You will see it has a lot to do with it. Were you not prosecuted at Hamilton for theft of a walking stick, shoes, and an overcoat? — Yes.
You wandered away from Auckland and returned to Hamilton, much affected by drink and drugs?— That's a lie, a ___ lie.
Were you ever up before the court on a charge of attempted suicide? — l do not remember that.
Were you before the Court in Christchurch? — Yes, for overdrawing my bank account.
And for issuing a valueless cheque? — The money has since been paid.
You went to the police about this I matter, and they told you they could not take the case up? — They told me to go to the Court.
Mr Blakey: Tell the Court. Doctor the full circumstances of the Hamilton case
Mr. Poynton: Oh, he does not need to go into that, I think I remember the case.
Witness: I lost my memory, sir, for a time.
Mr. Poynton: Yes, that's all right, there is no need to go into that.
For the Defence.
For the defence Mr Singer stated that Dr Redpath, Ingleby and the man named Close had been lounging about the British Hotel for some time, and their custom was not desired by the licensee. Defendant did not tell informant that he would have to take the injured man away. He told him to take him upstairs, where he could be bathed but Dr. Redpath said, "Mind your own business" and lifted his fist in a threatening attitude. Mr. Overton then took Dr. Redpath by the wrist and put him out of the door on to the footpath. Later the defendant, assisted by a porter, took the injured man upstairs, bathed his head, and he afterwards walked away. The man was not badly injured, for he only received a scratch.
The licensee, in evidence, stated that Ingleby, Dr. Redpath and Close were nuisances about his hotel.
Mr. Blakey: What was your object in putting Dr. Redpath out? — Because he obstructed me from seeing that the man was shifted upstairs, where he could be properly treated.
Did you really order informant out on two previous occasions?— Yes, I did. He has been about the hotel borrowing money — 3d, 6d. or a, shilling. He borrowed 2/6 from me but I got it back. He is a pest about the hotel.
James Leaherty and Alexander Harris then gave evidence, stating that they heard informant tell defendant to mind his own business when Mr. Overton asked him to take the man upstairs. They also saw Redpath lift his fist in a threatening attitude to the licensee.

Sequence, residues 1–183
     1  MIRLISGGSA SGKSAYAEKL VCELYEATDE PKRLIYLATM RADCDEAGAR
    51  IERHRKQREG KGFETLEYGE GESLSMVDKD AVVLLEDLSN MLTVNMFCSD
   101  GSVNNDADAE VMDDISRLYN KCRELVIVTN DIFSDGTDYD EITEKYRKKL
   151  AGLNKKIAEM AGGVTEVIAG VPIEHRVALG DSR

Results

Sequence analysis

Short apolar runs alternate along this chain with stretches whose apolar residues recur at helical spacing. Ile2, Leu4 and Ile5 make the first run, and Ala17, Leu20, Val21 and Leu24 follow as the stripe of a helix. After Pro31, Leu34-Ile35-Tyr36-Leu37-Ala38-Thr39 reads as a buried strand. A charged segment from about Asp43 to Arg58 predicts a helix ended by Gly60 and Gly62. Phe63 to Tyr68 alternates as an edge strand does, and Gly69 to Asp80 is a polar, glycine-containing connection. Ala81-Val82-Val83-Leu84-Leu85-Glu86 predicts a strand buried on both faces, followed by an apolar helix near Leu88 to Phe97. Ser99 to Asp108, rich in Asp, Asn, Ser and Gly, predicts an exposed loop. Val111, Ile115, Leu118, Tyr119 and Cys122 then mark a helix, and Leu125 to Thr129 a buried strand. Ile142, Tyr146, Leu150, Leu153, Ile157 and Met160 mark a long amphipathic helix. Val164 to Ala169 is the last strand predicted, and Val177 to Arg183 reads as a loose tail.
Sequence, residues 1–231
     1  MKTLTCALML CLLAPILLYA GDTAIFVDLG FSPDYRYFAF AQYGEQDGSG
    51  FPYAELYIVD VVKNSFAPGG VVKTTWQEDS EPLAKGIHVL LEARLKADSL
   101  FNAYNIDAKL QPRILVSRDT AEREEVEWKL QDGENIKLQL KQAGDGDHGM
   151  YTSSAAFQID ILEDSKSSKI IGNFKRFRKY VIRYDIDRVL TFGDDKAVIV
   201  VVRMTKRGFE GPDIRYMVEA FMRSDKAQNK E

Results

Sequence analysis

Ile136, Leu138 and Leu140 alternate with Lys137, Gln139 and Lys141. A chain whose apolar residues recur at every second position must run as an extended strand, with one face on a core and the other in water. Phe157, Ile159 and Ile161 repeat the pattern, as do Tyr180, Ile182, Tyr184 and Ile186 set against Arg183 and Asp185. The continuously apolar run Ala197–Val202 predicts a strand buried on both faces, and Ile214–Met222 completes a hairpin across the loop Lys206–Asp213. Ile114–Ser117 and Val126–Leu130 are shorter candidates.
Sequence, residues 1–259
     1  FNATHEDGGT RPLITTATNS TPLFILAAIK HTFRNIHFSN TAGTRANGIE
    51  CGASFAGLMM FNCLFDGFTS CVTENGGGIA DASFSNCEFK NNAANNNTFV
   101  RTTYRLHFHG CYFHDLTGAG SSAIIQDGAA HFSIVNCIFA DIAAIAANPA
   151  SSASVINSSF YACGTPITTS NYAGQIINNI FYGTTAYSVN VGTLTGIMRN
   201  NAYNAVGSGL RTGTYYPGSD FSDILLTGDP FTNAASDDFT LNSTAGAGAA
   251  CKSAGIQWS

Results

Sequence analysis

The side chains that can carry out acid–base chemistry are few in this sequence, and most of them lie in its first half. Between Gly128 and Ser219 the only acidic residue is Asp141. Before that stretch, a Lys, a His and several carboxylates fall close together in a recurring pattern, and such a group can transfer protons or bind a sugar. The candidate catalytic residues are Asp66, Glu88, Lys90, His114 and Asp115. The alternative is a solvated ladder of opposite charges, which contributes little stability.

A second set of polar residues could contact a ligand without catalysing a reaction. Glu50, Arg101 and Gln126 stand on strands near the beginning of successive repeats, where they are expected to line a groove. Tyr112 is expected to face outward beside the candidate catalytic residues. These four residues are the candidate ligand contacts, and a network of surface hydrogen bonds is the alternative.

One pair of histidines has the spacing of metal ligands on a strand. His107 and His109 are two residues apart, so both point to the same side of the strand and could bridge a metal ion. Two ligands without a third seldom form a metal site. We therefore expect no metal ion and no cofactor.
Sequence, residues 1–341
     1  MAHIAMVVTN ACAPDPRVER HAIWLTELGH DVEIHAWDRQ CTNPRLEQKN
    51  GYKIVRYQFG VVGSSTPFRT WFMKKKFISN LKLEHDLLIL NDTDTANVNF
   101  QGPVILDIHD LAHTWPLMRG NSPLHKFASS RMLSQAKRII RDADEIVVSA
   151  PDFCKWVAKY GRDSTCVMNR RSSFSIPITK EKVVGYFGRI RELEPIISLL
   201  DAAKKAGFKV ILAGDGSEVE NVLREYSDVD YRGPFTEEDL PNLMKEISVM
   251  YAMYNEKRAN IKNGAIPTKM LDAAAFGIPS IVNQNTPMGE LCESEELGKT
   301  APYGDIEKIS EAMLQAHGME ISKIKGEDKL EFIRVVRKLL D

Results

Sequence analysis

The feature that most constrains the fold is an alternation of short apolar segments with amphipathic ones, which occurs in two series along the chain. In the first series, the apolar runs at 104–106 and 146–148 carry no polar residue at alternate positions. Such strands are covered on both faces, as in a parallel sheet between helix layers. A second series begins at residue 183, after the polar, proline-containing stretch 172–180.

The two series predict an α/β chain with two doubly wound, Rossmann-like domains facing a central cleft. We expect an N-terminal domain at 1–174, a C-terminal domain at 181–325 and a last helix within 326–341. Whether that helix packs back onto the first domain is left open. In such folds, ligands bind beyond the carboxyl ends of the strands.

Mr. Singer then submitted that there was no case for the defendant to answer.
Mr. Poynton: No the weight of evidence is in favour of defendant. The case will be dismissed. Costs £4 13/- were allowed.
25 September 1926, Page 15
RUINED BY THE WAR
DOCTOR GUILTY OF FRAUD
SUFFERER FROM SHELLSHOCK.
AUCKLAND, 24th Sept.
A medical practitioner, Dr. George Redpath (35), appeared for sentence on a charge of obtaining 10s, with intent to defraud, from Henry Hamon by falsely representing that a gramophone was his property, and unencumbered.
Senior-Detective Hammond said the accused was a doctor who had been practising at Henderson, but had fallen through drink. He had been in trouble previously for a similar offence. There was some talk of his intending to go to Canada. "If the accused could get away to a fresh country we would help him along the road," added Detective Hammond.
Mr. Schramm, who appeared for Redpath, showed that the accused suffered greatly from shell-shock. He had served on four fronts during the war, in Belgium, France, Mesopotamia, and Palestine, and had been "blown up" during an air raid in England. He had been a brilliant man at his profession. Probably if Redpath was prohibited it would assist him.
Mr. E. C. Cutten, S.M.: "Do you object to a prohibition order being issued?"—" That won't make much difference, sir, I think."
Mr. Cutten: "Oh, well, it does not really matter. I can issue an order without your consent. You will be convicted and prohibited, and will also be ordered to come up for sentence within six months."